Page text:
This time of the year, we look back and reflect, then look forward and plan. Goals, achievements, cost savings, and all that stuff. We want our timetables, training schedules, and reports to move our lean agendas forward.
But I think it's joy and hope that propel continuous improvement. We're just humans, with primitive brains that run on emotions more often than on facts and figures. Is Toyota's "respect for humanity" more than mere politeness and listening? Doesn't it tap those deeper feelings?
I'm reminded of a story that Joe Sensenbrenner, quality expert and mayor of Madison, Wisconsin, some twenty years ago, told me about bringing continuous improvement to city government. He required that all managers, including chief of police Dave Couper, attend Dr. Deming's series of lectures. Joe described the chief striding into the hall, in uniform, gun on his hip, not happy about listening to something that he felt had little to do with police work. Dr. Deming stood at the front of the room at an overhead projector, marker in his hand, as the chief sat down.
Then Dr. Deming wrote down one word and the chief's face changed completely. The word was "joy."
As Dr. Deming continued to explain a new view of quality of product and service, Dave Couper's view of police work was overturned. From command, control, and threat of force, be began to see the police force as part of the community, creating relationships, and helping people in crisis. Sure, there were still criminals who had to be arrested, and community policing did not cure all ills.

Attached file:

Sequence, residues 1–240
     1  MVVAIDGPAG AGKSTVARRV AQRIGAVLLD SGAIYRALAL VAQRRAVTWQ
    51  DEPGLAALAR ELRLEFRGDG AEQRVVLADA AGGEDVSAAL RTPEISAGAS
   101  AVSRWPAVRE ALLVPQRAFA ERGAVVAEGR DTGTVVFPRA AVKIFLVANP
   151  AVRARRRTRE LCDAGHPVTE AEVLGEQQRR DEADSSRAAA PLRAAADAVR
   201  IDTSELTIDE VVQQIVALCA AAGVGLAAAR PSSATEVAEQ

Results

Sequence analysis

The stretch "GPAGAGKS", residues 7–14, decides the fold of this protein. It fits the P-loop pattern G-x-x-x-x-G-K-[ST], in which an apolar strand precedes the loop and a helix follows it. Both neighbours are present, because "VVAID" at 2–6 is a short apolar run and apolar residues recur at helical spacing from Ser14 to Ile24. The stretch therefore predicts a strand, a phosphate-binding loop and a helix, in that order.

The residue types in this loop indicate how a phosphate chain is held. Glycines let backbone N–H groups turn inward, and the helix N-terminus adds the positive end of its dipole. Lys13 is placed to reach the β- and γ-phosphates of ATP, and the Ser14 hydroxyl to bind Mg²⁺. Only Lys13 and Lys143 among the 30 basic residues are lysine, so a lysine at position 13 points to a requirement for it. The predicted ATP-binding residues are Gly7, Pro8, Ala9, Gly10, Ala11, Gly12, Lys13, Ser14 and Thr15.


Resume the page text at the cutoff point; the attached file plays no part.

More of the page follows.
Dave Couper went on to take the practice of community policing to many other cities, improving communities one police officer at a time. It all began with that one word, joy.
Maybe we should take time to remember a moment when we felt that joy in our practice of lean. It could have been when employees came to a pilot cell and ask for help to implement 5S or visual control in their areas of the plant. It could have been when you were in the midst of a project and saw the light turn on in someone's mind. It could have been that moment of celebration when your team solved a difficult problem.
What's been your moment of joy?